For this, we shift mediums.
Before Mike and Logan opened their cyber-doors and cyber-hearts to me, I applied to a content farm. When they responded that I was accepted, I was super psyched. The acceptance email was a form letter, but that was no big deal. Also, they had this “point system,” where getting specific amounts of hits unlocked specific achievements. In true video game fashion, they had a board showing all the leading scorers. I decided it looked fun, ignoring the whiny part of me that considered it condescending.
I got another form email following the posting of my first piece. There were a few mass emails (one of which attempted to get us to buy the website’s merchandise), but at no point did I ever receive a smidgen of personal communication.
After writing four pieces, I was feeling a little mixed. The pieces I wrote received way more hits than I’d come close to on my own site, and I thought they were pretty entertaining. But they were also all rather trite—nothing that would open any doors for me—and I was getting resentful about the lack of attention.
Then I submitted a piece about “Breaking Bad,” or rather the finales “Breaking Bad” had to beat in order to truly be the greatest show ever. This was entirely my idea, not one I grabbed off of the site’s “topics” list. Hours were spent in consideration. A friend of mine contributed info on some seminal shows I hadn’t seen. After it was over, I had put together a decent presentation of television criticism.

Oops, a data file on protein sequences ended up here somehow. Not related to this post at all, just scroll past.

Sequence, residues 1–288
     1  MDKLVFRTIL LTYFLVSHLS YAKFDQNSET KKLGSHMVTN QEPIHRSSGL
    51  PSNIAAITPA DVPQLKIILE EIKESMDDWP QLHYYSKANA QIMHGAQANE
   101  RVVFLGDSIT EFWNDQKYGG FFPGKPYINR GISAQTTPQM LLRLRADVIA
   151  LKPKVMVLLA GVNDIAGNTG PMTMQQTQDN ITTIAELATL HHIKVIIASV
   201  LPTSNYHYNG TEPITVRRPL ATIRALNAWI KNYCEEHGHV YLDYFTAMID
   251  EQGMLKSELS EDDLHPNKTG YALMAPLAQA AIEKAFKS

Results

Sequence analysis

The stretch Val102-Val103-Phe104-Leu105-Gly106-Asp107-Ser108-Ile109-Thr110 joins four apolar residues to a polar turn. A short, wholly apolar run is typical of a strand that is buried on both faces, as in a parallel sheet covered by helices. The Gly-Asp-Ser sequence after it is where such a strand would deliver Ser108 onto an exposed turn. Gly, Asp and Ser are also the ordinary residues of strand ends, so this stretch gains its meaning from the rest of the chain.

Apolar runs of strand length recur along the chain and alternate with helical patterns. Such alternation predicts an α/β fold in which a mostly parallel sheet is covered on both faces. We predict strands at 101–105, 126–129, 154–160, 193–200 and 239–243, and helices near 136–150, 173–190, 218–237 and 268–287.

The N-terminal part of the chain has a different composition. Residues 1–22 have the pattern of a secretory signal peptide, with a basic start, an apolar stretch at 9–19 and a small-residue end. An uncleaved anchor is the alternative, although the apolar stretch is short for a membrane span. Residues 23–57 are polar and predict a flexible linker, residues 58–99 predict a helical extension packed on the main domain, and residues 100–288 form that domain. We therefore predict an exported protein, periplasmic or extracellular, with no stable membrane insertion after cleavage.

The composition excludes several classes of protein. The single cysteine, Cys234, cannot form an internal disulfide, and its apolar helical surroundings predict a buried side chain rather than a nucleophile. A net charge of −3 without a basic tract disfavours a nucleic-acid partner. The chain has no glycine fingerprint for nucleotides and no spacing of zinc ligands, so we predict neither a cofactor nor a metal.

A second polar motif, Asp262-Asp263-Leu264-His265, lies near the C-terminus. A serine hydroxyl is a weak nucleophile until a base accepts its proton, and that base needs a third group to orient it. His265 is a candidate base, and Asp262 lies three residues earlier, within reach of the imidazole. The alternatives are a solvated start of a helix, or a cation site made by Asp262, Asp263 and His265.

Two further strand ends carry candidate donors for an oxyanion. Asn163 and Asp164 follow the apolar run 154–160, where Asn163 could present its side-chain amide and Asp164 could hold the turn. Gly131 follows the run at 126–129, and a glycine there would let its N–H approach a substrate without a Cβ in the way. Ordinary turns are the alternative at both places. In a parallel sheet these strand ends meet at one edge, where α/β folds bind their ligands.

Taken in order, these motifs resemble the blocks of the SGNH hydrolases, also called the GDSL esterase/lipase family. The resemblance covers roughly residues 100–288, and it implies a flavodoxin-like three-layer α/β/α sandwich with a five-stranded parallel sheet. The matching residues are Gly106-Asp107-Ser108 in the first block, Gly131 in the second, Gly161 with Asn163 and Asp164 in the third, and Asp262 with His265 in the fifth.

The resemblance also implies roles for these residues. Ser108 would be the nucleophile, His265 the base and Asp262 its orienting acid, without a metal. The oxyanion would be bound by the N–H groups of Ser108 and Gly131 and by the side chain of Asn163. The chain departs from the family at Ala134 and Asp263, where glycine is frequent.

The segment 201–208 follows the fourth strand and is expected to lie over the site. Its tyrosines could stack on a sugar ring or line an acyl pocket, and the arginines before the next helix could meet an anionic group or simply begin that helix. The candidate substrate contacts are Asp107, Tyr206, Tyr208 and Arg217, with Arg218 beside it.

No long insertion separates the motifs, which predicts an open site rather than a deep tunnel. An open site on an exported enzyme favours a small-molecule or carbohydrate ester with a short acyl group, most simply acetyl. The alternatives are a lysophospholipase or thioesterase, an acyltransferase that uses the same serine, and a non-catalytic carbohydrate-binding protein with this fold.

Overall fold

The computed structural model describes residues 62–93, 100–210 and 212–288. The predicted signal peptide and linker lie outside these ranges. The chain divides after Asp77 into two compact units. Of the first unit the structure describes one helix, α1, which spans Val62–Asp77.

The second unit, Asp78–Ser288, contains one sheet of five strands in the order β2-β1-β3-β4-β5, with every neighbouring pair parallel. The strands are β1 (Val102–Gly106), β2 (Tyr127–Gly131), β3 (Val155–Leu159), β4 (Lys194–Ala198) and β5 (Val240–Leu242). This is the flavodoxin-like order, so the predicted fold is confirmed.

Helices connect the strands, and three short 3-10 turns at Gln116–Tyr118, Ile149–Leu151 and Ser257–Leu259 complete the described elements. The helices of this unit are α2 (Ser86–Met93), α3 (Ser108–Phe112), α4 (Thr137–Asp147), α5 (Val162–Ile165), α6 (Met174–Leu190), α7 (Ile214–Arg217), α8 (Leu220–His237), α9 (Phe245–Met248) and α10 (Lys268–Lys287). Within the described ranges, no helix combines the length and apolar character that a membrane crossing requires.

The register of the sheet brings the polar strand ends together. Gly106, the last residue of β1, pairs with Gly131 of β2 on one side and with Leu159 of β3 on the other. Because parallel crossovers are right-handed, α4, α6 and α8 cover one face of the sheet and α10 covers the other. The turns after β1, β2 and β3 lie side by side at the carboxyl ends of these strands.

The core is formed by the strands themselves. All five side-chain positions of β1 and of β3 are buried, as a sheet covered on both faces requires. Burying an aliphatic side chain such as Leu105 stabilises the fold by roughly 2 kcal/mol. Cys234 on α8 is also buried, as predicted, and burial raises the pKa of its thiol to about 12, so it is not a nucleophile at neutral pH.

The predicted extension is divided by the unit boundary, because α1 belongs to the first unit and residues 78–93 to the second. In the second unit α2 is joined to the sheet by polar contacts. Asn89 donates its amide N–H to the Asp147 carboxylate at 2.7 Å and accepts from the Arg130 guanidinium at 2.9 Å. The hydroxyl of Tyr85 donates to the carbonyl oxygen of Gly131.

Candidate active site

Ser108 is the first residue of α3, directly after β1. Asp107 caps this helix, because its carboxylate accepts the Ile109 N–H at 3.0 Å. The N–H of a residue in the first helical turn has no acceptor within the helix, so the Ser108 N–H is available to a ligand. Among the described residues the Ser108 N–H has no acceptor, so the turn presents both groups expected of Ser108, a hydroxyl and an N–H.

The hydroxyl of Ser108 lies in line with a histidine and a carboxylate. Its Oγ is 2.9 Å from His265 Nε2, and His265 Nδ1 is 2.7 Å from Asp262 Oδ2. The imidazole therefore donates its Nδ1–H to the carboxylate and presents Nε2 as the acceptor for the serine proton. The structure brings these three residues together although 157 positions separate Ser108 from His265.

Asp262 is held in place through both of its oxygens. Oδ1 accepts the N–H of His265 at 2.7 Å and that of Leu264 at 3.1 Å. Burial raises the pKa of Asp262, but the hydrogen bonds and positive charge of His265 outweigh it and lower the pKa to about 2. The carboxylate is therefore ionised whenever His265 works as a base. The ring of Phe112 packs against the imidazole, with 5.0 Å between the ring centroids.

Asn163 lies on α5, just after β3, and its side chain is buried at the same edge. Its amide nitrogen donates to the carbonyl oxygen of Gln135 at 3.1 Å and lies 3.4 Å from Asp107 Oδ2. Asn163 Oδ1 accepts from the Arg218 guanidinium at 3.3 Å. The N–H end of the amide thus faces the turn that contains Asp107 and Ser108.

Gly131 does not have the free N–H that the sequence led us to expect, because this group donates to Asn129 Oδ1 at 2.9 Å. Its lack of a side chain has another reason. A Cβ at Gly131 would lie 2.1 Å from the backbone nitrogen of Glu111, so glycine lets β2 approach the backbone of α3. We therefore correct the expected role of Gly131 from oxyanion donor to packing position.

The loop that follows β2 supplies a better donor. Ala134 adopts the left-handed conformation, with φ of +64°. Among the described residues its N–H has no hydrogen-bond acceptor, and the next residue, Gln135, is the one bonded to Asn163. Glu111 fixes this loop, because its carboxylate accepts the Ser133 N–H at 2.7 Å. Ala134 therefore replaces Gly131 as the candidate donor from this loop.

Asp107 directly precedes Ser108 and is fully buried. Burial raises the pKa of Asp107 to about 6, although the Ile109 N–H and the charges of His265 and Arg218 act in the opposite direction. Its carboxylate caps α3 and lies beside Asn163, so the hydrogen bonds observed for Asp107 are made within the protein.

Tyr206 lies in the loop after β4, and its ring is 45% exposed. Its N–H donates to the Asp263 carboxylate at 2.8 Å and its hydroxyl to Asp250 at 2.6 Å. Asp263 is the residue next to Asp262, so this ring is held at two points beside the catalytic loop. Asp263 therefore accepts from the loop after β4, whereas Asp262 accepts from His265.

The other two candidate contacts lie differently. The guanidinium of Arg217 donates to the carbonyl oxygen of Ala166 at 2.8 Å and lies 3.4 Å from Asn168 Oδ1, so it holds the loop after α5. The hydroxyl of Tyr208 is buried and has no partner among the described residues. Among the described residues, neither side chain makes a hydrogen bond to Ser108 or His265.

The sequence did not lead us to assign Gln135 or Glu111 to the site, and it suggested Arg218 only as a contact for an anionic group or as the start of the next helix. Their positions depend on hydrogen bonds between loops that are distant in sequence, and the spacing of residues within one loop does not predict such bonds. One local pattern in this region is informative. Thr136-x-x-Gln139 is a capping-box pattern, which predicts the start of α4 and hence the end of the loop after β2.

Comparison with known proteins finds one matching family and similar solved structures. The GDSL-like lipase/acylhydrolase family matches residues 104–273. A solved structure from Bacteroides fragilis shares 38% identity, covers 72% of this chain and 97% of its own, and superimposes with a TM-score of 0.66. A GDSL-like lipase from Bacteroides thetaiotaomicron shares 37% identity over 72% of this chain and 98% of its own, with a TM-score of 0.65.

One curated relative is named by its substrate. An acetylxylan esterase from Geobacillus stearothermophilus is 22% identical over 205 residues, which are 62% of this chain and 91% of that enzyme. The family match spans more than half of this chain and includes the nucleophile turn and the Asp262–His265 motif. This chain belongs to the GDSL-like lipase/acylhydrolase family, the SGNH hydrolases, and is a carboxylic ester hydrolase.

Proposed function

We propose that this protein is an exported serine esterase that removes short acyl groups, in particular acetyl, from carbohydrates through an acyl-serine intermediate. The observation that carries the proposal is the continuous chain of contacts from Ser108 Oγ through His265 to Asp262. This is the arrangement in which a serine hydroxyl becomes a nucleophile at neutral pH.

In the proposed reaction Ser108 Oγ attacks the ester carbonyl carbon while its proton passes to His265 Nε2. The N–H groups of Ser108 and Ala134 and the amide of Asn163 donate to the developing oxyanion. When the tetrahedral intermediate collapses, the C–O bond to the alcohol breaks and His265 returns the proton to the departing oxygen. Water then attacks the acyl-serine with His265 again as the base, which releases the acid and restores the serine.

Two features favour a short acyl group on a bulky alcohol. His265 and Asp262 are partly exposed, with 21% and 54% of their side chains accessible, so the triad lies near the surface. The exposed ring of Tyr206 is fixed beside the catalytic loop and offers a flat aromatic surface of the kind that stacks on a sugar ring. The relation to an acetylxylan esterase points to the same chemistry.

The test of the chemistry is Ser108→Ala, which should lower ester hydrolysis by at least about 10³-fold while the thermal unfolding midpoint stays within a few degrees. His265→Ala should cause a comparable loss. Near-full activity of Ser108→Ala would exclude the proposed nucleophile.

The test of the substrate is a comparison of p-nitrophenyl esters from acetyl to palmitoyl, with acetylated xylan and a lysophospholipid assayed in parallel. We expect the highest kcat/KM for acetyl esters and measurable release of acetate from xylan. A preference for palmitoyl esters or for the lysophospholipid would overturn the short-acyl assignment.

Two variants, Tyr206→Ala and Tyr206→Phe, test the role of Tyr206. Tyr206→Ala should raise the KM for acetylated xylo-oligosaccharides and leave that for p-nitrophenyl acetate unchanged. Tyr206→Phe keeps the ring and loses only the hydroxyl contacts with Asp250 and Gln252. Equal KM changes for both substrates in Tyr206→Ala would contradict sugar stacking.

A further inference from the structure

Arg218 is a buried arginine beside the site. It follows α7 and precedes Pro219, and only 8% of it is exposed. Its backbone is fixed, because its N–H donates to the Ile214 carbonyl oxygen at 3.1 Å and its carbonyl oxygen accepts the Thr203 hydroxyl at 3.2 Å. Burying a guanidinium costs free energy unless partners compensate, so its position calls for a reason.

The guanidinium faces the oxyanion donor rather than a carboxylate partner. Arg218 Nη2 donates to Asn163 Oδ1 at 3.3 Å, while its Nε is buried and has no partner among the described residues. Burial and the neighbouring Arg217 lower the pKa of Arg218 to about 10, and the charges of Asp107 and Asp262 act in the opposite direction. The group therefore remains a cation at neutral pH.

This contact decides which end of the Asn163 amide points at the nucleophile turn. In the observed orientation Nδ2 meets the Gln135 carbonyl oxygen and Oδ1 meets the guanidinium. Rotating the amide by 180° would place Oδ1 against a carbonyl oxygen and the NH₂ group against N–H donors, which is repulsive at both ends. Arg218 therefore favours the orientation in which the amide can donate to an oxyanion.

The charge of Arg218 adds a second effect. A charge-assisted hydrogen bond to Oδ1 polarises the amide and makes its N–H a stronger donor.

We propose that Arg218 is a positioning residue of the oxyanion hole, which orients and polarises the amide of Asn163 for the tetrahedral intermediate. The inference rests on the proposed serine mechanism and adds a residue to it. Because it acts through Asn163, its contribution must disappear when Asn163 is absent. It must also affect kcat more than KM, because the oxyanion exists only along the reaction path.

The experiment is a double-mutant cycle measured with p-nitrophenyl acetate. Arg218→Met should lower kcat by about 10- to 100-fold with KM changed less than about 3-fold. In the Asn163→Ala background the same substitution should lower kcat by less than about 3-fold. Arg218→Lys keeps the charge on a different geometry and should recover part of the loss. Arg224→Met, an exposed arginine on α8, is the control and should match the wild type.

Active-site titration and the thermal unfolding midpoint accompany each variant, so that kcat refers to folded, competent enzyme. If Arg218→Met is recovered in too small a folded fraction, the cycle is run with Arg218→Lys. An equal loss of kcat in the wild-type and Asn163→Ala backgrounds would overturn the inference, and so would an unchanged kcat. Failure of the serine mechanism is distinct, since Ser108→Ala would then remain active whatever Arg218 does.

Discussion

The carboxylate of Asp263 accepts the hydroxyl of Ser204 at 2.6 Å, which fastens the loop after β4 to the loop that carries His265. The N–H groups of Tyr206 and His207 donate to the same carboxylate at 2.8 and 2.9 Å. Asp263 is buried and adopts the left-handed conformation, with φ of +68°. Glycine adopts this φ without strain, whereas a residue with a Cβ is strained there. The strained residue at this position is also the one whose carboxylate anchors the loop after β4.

The article was posted, and I saw that instead of the title being “…finales ‘Breaking Bad’ must beat,” the editor had changed it to “…awful finales ‘Breaking Bad’ must beat.” Keep in mind, this was a list that included shows like “Six Feet Under” and “The Shield.”
So, I looked like an asshole.
Whether the editor changed it without reading a single word, or whether he thought clicks were more important than a disconnect of content and title, I cannot say. It did get more hits than my other pieces, and more comments, too: There were lots of people talking about how stupid I was, and what terrible taste I had in television, all because they looked at the items on the list and didn’t bother reading what I’d written. Someone said that he was so disgusted with my article that he nearly quit contributing to the site.
The Good, the Bad and the Ugly. With all that in mind, what, I ask, is the value of doing something for “free”? Sometimes, free is worth a great deal. You can help people you care about, or you can make great connections and get access to a whole new audience. Sometimes, free’s value is in the gutter. You feel exploited, you meet new people you never want to see again, and after all those hours you have nothing to put in a portfolio or demo reel. How can you tell just what sort of project it is going to be? As lots of you will attest, it’s just from terrible trial and error. Getting yourself in sticky situations, and hopefully learning from your mistakes. It’s just like dating.
Christopher Tucker lives and schemes in Chicago.
Photo: Goddard Studio 15